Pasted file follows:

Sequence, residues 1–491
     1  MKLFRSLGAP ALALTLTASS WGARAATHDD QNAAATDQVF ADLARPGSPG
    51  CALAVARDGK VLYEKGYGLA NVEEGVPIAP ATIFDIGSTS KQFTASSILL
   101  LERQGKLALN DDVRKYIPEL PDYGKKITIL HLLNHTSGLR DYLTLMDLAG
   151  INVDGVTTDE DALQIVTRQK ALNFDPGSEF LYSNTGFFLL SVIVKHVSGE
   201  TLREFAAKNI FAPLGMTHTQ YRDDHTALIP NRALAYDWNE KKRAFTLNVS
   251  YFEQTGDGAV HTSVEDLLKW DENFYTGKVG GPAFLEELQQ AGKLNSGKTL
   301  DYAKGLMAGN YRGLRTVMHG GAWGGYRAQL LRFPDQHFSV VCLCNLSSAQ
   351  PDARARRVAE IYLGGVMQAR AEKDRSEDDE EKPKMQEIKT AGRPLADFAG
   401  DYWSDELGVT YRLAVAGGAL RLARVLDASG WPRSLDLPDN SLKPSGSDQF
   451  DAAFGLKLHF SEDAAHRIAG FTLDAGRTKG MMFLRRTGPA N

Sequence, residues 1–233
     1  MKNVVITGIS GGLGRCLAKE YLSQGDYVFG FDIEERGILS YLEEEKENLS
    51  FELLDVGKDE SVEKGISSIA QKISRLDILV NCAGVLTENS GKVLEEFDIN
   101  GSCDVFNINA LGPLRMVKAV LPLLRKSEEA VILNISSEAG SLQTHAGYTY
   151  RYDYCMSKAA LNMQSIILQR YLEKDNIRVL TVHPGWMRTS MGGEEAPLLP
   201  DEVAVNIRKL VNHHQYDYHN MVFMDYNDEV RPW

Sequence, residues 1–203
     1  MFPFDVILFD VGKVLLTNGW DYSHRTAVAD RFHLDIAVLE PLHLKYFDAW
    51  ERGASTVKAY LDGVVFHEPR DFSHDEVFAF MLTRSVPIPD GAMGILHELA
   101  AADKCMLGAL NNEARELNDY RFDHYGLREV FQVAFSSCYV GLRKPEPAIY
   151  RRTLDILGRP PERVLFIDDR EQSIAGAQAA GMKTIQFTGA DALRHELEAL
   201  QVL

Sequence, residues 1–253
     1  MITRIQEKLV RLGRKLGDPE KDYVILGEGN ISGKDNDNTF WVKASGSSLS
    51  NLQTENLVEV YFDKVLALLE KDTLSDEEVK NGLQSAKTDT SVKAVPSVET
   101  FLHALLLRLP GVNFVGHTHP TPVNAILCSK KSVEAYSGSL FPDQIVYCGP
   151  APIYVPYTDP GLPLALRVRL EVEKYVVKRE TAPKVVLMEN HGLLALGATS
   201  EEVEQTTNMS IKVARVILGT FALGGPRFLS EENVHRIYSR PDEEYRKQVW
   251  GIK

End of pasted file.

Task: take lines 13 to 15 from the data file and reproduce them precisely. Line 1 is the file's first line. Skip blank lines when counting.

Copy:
     1  MKNVVITGIS GGLGRCLAKE YLSQGDYVFG FDIEERGILS YLEEEKENLS
    51  FELLDVGKDE SVEKGISSIA QKISRLDILV NCAGVLTENS GKVLEEFDIN
   101  GSCDVFNINA LGPLRMVKAV LPLLRKSEEA VILNISSEAG SLQTHAGYTY